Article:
Posted from archive: 10.07.2013 | by AMRA
Previous studies have shown that health care providers can be taught to be mindful, but busy clinicians often don’t have the time to attend lengthy programs. Fortney et al. [Annals of Family Medicine] tested the efficacy of an abbreviated form of MBSR in alleviating/ preventing symptoms of clinician burnout. The program offered 14 hours of mindfulness instruction over a three-day weekend, followed by two 2-hour post-training sessions. Exercises emphasized mindfulness while sitting, walking, listening and speaking, mindfulness in interaction with patients, and compassion for self and others. Participants were encouraged to practice 10 to 20 minutes per day at home.
Thirty primary care providers (physicians, nurse practitioners and physician assistants) participated in the program. They were assessed at baseline, immediately after the intervention, and at 8-week and 9-month follow-up on measures of burnout, depression, anxiety, stress, resilience, and compassion. While 63 of the participants had some prior meditation experience at some point in their life, only 7 were actively practicing meditation at the start of the study.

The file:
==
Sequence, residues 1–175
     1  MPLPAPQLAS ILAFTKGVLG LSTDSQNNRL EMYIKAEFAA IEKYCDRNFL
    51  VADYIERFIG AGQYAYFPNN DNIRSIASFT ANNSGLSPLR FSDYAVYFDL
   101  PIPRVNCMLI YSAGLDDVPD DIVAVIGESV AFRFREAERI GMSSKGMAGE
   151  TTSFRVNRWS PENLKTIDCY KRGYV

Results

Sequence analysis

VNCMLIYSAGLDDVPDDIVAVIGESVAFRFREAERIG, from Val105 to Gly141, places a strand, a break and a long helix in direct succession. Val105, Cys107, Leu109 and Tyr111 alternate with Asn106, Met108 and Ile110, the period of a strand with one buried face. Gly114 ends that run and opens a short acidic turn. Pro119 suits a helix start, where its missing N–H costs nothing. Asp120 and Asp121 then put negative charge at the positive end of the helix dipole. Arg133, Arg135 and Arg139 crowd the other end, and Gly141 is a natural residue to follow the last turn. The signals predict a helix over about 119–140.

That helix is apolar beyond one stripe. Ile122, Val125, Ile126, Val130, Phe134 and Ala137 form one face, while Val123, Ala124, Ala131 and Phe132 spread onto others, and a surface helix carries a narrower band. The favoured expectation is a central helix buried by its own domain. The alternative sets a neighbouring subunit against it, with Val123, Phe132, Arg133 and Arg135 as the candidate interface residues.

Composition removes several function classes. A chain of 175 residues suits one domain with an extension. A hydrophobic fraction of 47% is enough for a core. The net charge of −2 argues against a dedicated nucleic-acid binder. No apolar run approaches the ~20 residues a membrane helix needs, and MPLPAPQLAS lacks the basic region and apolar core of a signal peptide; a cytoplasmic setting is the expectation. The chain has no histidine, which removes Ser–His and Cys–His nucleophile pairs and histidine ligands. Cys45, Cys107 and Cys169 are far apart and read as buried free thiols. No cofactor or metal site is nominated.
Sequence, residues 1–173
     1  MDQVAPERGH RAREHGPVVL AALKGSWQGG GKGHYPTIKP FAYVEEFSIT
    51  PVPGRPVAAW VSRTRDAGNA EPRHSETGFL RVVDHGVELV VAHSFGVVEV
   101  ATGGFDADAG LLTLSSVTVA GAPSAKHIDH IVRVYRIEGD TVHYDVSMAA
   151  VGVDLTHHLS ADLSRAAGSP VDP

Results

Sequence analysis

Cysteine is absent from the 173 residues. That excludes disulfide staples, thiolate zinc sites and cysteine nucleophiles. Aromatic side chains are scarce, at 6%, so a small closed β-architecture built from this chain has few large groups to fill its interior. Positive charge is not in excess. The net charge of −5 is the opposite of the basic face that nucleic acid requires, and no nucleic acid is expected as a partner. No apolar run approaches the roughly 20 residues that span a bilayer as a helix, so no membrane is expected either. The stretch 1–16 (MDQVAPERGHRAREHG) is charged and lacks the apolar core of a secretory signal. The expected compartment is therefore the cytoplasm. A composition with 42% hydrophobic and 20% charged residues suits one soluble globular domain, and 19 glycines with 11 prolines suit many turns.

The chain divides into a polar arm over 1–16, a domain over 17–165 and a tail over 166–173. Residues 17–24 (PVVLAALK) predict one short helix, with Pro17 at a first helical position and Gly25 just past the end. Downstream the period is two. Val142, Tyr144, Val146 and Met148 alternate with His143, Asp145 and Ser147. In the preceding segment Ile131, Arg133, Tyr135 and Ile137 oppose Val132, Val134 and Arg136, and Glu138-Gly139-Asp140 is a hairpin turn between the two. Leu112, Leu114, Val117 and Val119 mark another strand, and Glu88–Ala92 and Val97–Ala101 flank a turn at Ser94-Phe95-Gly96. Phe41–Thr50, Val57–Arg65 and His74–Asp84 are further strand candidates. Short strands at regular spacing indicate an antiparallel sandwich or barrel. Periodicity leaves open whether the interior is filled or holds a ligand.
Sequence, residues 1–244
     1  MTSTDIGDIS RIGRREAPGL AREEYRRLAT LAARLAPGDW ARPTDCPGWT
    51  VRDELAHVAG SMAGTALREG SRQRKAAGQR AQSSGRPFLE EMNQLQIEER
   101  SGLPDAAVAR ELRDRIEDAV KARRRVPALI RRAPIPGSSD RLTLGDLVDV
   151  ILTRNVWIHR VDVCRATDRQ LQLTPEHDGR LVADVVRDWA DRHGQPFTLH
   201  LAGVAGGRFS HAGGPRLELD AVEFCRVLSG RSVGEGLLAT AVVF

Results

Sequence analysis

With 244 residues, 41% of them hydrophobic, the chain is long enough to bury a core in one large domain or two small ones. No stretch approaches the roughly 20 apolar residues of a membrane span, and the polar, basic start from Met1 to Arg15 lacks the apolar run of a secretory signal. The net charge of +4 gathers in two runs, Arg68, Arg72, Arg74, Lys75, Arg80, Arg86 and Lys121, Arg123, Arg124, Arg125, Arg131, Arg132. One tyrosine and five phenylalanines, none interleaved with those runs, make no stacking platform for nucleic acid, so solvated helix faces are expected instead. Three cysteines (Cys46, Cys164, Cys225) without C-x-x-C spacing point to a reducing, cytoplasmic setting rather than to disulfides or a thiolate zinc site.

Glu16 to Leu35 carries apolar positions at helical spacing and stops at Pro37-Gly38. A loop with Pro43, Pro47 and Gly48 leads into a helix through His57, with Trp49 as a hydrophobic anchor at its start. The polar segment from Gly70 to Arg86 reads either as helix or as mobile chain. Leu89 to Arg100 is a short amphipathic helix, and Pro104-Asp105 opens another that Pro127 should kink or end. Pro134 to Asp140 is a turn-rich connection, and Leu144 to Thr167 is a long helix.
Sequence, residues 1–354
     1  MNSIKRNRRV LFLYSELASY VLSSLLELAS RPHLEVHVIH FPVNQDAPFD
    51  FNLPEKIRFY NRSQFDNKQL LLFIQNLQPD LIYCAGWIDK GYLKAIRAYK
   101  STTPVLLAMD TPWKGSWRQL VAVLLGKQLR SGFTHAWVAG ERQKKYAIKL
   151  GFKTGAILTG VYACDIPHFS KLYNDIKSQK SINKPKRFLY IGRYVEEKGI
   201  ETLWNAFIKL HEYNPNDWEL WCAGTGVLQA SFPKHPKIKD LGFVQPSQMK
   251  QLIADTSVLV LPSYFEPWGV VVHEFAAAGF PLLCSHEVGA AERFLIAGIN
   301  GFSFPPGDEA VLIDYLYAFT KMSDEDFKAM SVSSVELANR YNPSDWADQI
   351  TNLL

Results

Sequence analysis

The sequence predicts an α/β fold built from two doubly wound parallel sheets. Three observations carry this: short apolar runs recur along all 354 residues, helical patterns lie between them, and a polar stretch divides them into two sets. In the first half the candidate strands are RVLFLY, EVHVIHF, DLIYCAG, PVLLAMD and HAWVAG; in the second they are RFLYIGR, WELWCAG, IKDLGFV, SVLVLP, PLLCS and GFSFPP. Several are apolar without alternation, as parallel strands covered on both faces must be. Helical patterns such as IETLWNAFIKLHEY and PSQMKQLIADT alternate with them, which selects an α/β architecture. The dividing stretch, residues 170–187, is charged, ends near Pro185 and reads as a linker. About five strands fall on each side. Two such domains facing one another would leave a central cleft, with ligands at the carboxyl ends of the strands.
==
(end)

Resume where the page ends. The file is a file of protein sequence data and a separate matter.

After the intervention, the clinicians reported significant decreases in emotional exhaustion, depersonalization, anxiety, and stress, and significant increases in a sense of personal accomplishment. All of these differences were significant at nine-month follow-up. No changes in clinician resilience or compassion were found, but the clinicians’ high scores on the brief five-item compassion scale at baseline left little room for improvement. These preliminary results suggest that abbreviated MBSR holds promise as a time, efficient means of improving clinician well-being, and, as a consequence, the quality of patient care.
Fortney, L., Luchterhand, C., Zakletskaia, L., Zgierska, A., & Rakel, D. (2013). Abbreviated mindfulness intervention for job satisfaction, quality of life, and compassion in primary care clinicians: A pilot study. The Annals of Family Medicine, 11(5), 412-420. [PMID: 24019272]